Each time I posted pictures of my children on Facebook, I felt joy knowing my family members and friends could see my boys' smiling faces.
I put my privacy settings on the highest settings, feeling secure that I could safely post pictures of my children and know they would not meet stranger's eyes. I gasped in shock when I came across this quote while reading Raffi Cavoukian's new book Lightweb Darkweb, on the need for social media reform:
"Anything you post online, no matter what your privacy settings, is public, it's permanent and it's searchable by anyone." --Constable Darren Laur of Victoria, BC (@crimefighterguy)
I later discovered something called "data-mining," which was described in Raffi's book, and the story of a blogger finding her picture on a billboard in Czechoslovakia. Facebook is passing along our information and photographs to corporations. It might be hard for an individual to find our data, but it is easy for companies who pay Facebook for access to this information.
We have evidence that pictures and posts can be used against people in the form of cyberbullying, predatory behaviour, and malicious intent. I realized how grateful I was that when I was a teacher, my students didn't have access to any photos of myself when I was a child—or more importantly, a teenager and young adult who made LOTS of mistakes. I thought, thank God all my photos during those years are inside photo albums, tucked away in a closet.
After reading Raffi's eye-opening book, I really thought long and hard about the effects of putting information about my children on social media and in my writing. With my psychotherapist hat on, I realized my children could really be upset with me once they are able to search and read the internet on their own. As a result, I have decided to have strong boundaries about what I will post about my children online (I will list those further down).
I had the good fortune to speak with Raffi on Skype (yes, I did make banana-phone jokes about that) and he said, "Social media was not invented for children. If you are on any social media application for free, be aware that the company is passing along your personal information to gain income. Children don't know this, and most adults do not either." We went on to have a lovely conversation where I could hear his passion for the wellbeing of children, and how desperately we need formal safeguards to be in place before more children are harmed or commit suicide.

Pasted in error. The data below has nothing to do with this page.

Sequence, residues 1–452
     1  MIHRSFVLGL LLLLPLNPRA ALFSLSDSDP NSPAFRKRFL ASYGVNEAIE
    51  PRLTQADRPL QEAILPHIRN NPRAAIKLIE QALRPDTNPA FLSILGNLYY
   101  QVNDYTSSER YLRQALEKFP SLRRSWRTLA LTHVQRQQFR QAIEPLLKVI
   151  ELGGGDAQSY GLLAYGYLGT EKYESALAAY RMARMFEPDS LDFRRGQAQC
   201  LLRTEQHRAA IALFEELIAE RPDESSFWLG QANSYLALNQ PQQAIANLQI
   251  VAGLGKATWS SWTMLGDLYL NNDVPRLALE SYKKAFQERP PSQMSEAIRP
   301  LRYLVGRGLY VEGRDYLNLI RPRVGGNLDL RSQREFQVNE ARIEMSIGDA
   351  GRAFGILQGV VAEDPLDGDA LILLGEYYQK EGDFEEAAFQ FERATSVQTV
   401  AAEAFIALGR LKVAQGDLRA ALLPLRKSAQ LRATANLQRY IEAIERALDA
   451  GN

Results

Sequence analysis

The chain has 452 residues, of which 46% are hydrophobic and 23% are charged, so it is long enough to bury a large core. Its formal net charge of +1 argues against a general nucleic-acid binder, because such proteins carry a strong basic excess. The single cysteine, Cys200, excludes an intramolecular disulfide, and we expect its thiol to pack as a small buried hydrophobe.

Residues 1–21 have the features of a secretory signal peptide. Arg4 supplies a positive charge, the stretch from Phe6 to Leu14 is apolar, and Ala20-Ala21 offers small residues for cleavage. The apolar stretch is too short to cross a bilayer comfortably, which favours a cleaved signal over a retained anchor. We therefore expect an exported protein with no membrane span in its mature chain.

I am going to share the boundaries I suggest and use for keeping children's online information safe, and then how to coach our children to share their own information safely.
Use stock photos in your blog posts/articles.
The families in those photos have made a conscious decision to be compensated for the photo, and have controlled which ones are out there.
Post a single picture of your children (don't tag anyone in those photos) in social media and then remove it a few days later.
Facial-recognition technology is advancing and large stores of data of your children's faces can be used by companies. Just put one or two pictures up at a time, and then take it down after your aunties have seen it.
Write about YOUR perspective, not your child's behaviour.